Instead of “Yes, it works” perhaps the PR guy from Datsun could have said something like “If engineers working on our new 310 model can build a real-life R2-D2 astral navigation system for a top-secret long-range, high-altitude, Mach 3+ strategic reconnaissance aircraft, just wait until you see what they can do for the electric car”.
And so we come to the conclusion of this post.
One of these rarest of rare American cars sold by an ex-EG&G engineer’s company Lectra still exists today in Santa Cruz, California because… of course.
The car originally was badged as Datsun (US brand-name for Nissan) 310 Lektrikar II.
Nobody knows how many existed. Again, it is believed GM intentionally destroyed records during the Reagan Administration to cheat history of these emerging electric car projects.
This Lektrikar II has been “modified” over the years but fundamentally it’s always been a fine vehicle by even today’s standards.
Weirdly you will find no mention of any of this real history on Wikipedia’s retelling of electric car history, let alone any other “authoritative” versions of electric car company history in America. It’s almost impossible to find any mention of one at all anywhere.
The surviving Lektrikar II started with eighteen 6V golf-cart batteries (US Battery US-145 Lead-Acid Flooded with 7 front, 11 rear), and replaced them with a simpler array of nine 82-pound Trojan 1275MV automobile 12V Lead-Acid Flooded with 4 front, 5 rear.
The motor is a Prestolite 7.2 inch Series Wound DC 22 HP, with a 4-speed drivetrain and clutch.
And the controller is said to be a Curtis 1221C MOSFET transistor Technology, 15,000 cycles per second, 400 Amps.
It’s for sale… but really the story is that in 1981 the Datsun PR guy was telling people that converting his daily driver car to electric (for 60 mile range capable of 70 mph) cost around $600 and GM was telling the world they would be the leaders in this market while working behind the scene to shut it all down.
If you’ve been a long-time reader of this blog you may recall seeing here before that in the early-2000s the US government left security of critical infrastructure up to the market investors in infrastructure (mainly banks) to figure out.
It was like a “trickle-down” theory of investment bankers showering the littlest critical infrastructure projects with the kind of money they would need to make things safe — at a market-designated level.
I have done critical infrastructure security audits, as well as security strategy consulting, before and after this time. What one might imagine on the outside is very different than what I found on the inside. That is to say, I expect most people (even myself before I started going inside) expect management to be laser focused on safety of service delivery, and willing to invest even a little extra to protect people from harm (capacity and disaster planning).
Yet that hasn’t been my experience.
For example on one engagement I had a bank ask if they should put their investments towards building adjacent bitcoin mining operations in power stations to shove “excess” power into assets they would sell off to an unregulated market.
On another engagement, as I was on my way to hack into the generation and distribution networks (they were weak), management stopped me and said “wait a minute, we care not much if those go down and people are without service, as that’s routine for us; instead please focus attacks on our trading systems and financial operations around billing and pricing” (they were weak too).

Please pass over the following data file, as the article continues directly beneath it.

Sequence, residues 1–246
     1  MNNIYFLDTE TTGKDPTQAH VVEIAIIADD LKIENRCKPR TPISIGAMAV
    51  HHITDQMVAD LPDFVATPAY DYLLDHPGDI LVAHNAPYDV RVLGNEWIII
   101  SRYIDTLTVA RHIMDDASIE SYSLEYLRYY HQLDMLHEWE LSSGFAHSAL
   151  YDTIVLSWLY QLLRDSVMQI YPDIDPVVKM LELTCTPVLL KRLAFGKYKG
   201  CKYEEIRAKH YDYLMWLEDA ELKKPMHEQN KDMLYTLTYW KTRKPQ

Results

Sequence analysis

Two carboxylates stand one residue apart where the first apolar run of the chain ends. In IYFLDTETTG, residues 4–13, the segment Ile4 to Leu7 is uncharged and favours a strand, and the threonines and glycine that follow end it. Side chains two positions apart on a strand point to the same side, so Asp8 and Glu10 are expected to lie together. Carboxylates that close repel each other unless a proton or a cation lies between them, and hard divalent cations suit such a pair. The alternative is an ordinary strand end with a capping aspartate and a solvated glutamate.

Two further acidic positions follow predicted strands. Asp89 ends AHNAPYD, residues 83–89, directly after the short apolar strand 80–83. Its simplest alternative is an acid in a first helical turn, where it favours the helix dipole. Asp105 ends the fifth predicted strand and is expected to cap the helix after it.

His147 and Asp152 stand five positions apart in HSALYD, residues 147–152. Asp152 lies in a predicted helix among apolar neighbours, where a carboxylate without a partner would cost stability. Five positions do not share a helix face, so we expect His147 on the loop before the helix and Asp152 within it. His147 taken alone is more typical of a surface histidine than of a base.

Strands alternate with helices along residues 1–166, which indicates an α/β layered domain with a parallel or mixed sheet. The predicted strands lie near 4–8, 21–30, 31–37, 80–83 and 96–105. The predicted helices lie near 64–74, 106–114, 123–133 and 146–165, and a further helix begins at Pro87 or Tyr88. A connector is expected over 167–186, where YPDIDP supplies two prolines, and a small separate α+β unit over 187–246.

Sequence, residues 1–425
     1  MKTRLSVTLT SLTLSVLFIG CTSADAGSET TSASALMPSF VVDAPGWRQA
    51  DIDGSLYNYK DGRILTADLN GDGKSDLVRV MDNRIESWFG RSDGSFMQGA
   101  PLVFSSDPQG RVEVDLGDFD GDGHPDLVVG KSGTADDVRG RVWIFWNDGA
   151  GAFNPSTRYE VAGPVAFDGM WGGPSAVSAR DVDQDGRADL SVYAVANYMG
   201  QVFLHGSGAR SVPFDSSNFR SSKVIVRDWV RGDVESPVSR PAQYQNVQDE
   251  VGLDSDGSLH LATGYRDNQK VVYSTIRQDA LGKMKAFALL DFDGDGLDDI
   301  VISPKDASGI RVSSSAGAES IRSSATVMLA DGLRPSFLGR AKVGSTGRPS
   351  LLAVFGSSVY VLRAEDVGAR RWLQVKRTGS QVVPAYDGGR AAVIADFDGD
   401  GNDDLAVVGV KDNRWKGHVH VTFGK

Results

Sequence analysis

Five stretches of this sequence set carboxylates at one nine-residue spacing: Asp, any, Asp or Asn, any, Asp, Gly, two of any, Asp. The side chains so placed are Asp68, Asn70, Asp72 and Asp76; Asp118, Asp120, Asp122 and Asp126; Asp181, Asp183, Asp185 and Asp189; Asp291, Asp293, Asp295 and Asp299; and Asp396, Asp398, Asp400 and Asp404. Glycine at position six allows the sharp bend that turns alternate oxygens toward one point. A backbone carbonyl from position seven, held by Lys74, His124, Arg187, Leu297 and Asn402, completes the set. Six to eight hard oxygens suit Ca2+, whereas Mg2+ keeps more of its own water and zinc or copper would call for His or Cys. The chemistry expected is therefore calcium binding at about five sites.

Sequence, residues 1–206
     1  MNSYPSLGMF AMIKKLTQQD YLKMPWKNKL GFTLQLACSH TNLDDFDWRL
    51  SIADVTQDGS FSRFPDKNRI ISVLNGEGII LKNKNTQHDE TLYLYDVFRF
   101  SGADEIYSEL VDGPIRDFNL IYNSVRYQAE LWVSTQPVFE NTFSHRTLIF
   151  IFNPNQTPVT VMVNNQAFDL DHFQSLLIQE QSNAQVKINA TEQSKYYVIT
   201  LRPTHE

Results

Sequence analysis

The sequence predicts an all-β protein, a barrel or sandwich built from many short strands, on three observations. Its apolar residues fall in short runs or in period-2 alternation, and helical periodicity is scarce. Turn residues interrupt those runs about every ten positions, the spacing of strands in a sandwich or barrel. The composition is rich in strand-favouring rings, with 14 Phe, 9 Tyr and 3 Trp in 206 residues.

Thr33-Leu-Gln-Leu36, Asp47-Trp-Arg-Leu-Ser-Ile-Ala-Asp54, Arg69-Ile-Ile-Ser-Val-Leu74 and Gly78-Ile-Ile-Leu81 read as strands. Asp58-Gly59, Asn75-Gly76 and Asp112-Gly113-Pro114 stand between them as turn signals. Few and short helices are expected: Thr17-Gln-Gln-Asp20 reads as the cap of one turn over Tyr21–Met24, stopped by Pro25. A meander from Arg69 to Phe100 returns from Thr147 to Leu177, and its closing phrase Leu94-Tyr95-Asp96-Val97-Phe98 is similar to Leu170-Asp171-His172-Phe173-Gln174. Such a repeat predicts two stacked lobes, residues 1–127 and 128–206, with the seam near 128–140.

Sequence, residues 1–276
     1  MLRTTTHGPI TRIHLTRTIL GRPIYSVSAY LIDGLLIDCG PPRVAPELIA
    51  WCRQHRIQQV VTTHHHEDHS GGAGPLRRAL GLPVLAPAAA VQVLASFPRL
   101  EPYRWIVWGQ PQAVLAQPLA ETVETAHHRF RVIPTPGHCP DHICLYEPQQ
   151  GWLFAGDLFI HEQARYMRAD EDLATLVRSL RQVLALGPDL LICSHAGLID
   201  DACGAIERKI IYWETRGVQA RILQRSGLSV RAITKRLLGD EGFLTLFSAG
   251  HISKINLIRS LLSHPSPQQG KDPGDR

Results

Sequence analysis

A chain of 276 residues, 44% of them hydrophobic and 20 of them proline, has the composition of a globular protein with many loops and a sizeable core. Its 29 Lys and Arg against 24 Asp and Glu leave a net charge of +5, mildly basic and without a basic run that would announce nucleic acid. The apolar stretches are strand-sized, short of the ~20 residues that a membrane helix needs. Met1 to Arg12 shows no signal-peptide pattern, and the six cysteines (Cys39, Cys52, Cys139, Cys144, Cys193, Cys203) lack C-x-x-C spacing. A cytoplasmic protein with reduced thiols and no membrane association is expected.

To be fair they were saying they could handle dangerous life-threatening accidents because that’s what they have been planning for all along… yet when I probed deeper it was more like they knew that those accidents wouldn’t have an effect on their P&L. Really.
And these were giant even “bulk” organizations, not “small systems” that have less of a fighting chance to argue with banks that may make final decisions on risk management models:
There are over 145,000 active public water systems in the United States (including territories). Of these, 97% are considered small systems under the Safe Drinking Water Act, meaning they serve 10,000 or fewer people.
Alas, from an economics standpoint it’s easy to say “poor” American banks do not have the money to spend on public utilities. Yet a wider macro view is probably that American investors with loads of cash to invest made it a conscious market decision since at least 1998 (when I pwned 1,000s of infrastructure routers across five states using clear-text passwords) to not invest in service safety. They’re not cash strapped as much as they’re not regulated in a way that a whole history of relevant accidents and basic common sense would force a cash infusion into the areas we might expect.
Also sometimes I wonder things like why Microsoft’s billionaires even charged utilities to license software for water utilities in the first place… or why the utilities didn’t all shift to software that came without a license, avoiding built-in end-of-life (EOL) and support models wildly inconsistent with their operation plans.
Anyway, here’s the TL;DR on the most recent “news” in America that uses the headline of “cash strapped” Americans (who have been violating basically every basic principle of safe operations even as laid out by the US government for years):
All computers used by plant personnel had remote control
All computers connected to plant’s control system
All computers connected directly to Internet
Out of date OS (Win7 – EOL Jan 2020)
All users share the same password
No network protection (firewall)
Shocking. It doesn’t take much money to fix all of that, especially if you had done it a year ago.
All 14 airmen aboard were killed, but one Air Force general wrote that their sacrifice helped usher in a new era of the AC-130, one where new technology and tactics helped ensure that no gunship has been lost in combat since.